Vietnam rain forest and hills of plantations is the sixth post in a series of Vietnam experiences storied by Rochelle Porper, for the previous ones please read these.

Vietnam rain forest

So I will tell you a little bit about the other people in our group. Diane and her daughter Natasha are the only other guests apart from Sam and me. Natasha is a little wisp of a thing. She is 21 and absolutely beautiful and surprisingly articulate and fearless. Her voice reminds me of crystal because it is so soft. She is reading her way through the classics for something fun to do. Natasha is in definite contrast to her mother, who is very timid and often looks bewildered by our experiences. For example, when we cross the street, we are usually half way up the block before we realize that Diane isn’t with us. We look behind, and she will be stuck in the middle of the street, terror stricken by the mopeds. One of us will go back and rescue her and onward we go. They are both lovely travel companions. Then there is Long, who told us his life story today. It is so harrowing and politically incorrect that I can’t really write about it, out of respect for him but if you are interested, ask me one day and I will tell you.

Today actually was an unbelievably spectacular day. Once our official communist guide joined us, we drove to one of Vietnam’s National Parks. Along the way, this guy told us his version of Vietnam’s history. He was telling us about how all of the religions came to be practiced here, the Catholics, Protestants and Bapsticks. He kept calling them Bapsticks and we were trying not to laugh because lord knows – he could have been offended and then who knows what could have happened. It was totally hilarious. Anyway, the National Park was incredible – it was Vietnam’s version of the rain forest and it was very different from other rain forests I have seen.

There were really no birds around, it was so freaking hot they were probably hiding, but there were huge bumble bees everywhere. Of course, we started referring to them as Bumble B 52s, which was appropriate after all. The park had spectacular waterfalls – one after another. They looked like miniature Niagara’s, but you could get right up close to them and feel the power of the pounding water. It was intoxicating. And it was the only time during the day that it actually felt cool because of the mist raining down on us. I am sure that one of my most enduring memories of Vietnam will be of dripping sweat wherever we went.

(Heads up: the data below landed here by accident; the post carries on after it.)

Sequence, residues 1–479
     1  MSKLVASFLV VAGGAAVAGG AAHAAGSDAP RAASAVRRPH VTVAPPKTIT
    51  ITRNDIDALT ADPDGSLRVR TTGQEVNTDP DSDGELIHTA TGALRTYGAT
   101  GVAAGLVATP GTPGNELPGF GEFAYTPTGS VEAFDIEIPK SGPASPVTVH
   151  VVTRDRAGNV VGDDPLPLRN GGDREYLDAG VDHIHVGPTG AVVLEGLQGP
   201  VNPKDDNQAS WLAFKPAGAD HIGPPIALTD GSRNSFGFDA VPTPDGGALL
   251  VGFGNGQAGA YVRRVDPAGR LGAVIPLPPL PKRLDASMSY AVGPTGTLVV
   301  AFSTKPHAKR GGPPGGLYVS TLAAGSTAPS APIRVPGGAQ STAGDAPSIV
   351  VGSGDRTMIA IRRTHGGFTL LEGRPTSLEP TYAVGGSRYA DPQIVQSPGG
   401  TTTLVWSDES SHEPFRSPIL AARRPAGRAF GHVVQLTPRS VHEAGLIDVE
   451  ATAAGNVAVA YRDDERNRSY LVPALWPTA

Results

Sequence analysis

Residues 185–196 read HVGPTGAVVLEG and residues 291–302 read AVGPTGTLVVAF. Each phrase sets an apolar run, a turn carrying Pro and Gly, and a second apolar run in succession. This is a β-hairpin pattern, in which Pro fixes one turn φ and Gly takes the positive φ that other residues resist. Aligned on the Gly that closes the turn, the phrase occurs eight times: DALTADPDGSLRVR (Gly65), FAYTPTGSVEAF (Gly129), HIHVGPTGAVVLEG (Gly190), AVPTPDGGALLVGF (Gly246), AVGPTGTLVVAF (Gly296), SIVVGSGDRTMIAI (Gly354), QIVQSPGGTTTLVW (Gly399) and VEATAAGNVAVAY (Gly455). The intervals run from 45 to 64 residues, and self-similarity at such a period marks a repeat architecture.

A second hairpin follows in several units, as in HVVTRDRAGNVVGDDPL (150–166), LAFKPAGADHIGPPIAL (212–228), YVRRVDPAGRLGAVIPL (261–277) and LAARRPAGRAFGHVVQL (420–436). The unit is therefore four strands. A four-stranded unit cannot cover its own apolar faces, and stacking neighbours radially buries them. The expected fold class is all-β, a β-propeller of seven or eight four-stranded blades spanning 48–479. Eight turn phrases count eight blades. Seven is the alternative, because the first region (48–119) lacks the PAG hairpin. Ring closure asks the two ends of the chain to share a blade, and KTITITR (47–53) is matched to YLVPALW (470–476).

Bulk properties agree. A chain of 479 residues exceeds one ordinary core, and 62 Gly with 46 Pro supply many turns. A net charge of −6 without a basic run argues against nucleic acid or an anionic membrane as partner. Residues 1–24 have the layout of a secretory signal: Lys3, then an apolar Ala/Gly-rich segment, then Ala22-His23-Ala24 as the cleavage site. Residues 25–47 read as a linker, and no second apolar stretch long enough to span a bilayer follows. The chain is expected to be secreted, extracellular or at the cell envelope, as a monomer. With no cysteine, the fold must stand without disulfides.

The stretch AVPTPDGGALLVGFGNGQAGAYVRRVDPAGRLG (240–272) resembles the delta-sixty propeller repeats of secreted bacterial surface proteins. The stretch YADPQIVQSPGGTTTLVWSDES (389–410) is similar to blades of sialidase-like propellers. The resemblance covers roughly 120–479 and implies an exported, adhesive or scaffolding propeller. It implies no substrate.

Endless hills of coffee, black pepper and tea

After we left the park, we hopped in the van and started the long drive to Pleiku, where we are now. I wish I could describe what the scenery is like. First of all, Vietnam is the second largest exporter of coffee and the largest exporter of black pepper in the world. Interspersed between huge coffee plantations and pepper plants are miles of shacks with people sitting around drinking tea and watching the world go by. The cows and water buffaloes walk in the streets and men in women chase after them.

Remember I told you about the happy houses? Well – here is how it works. I guess Long has done this trip so many times that he knows where the ‘best’ ones are (term used liberally). So the van pulls over in front of someone’s house, and we all just walk into the house and use the facilities. It is unbelievable. It doesn’t matter that no one knows who we are – we just walk in. This is the custom. And everyone is friendly and welcoming and I have never seen anything like it.

At one point along the road, we pass a house that has rows and rows of bamboo poles in the front yard, and they are draped with noodles drying in the sun. We pull over and of course, walk right into the person’s house. It’s the local noodle factory, and because we can, just give ourselves a tour. Its hard to get used to this – it feels so invasive – but everyone smiles and it seems perfectly normal to them. The house is full of chickens and in the back, there are three huge pigs in the living room. All the kids want to get their pictures taken because we are a novelty. We find out that the house next door is the rice factory, so by now you know the drill. We help ourselves to a tour of this place too – which is literally a one room shack with machinery that is at least 60 years old. The lady who processes the rice for this village is the richest person in town. There sure isn’t much to show for it.

One more story, which is so telling about the people here. We pull over again some time later because Long wants to show us a pepper plantation. Of course, it’s somebody’s house but by now, we kind of expect we will be traipsing through. The man is so nice and wants to pick fruit for us and show us his farm. I don’t know how word got around so quickly, but all of a sudden, two young men from the neighboring house appear and want to meet us. They can’t speak English but Long translates. They say they are so honored that we have come to visit their neighborhood and they want to give us a present. They made us an origami heart and a twin dove out of money to give to us – the heart so that we will always keep Vietnam in our hearts, and the doves for peace. This practically brings tears to my eyes, given what we have done to these people.

Black pepper plantation

So tomorrow we go into the hills (accompanied by another communist official) to see how the remote people live. They are un-accustomed to many seeing Westerners and this experience will be mind-blowing I am sure.

Well, that’s it for today. Again, thank you guys so much for being so generous in your emails. I will continue to send them as long as you continue to enjoy them!

by Rochelle Porper from Boston, Massachusetts, USA

For the next ones among this Vietnam travel experience, you can jump to the following days.

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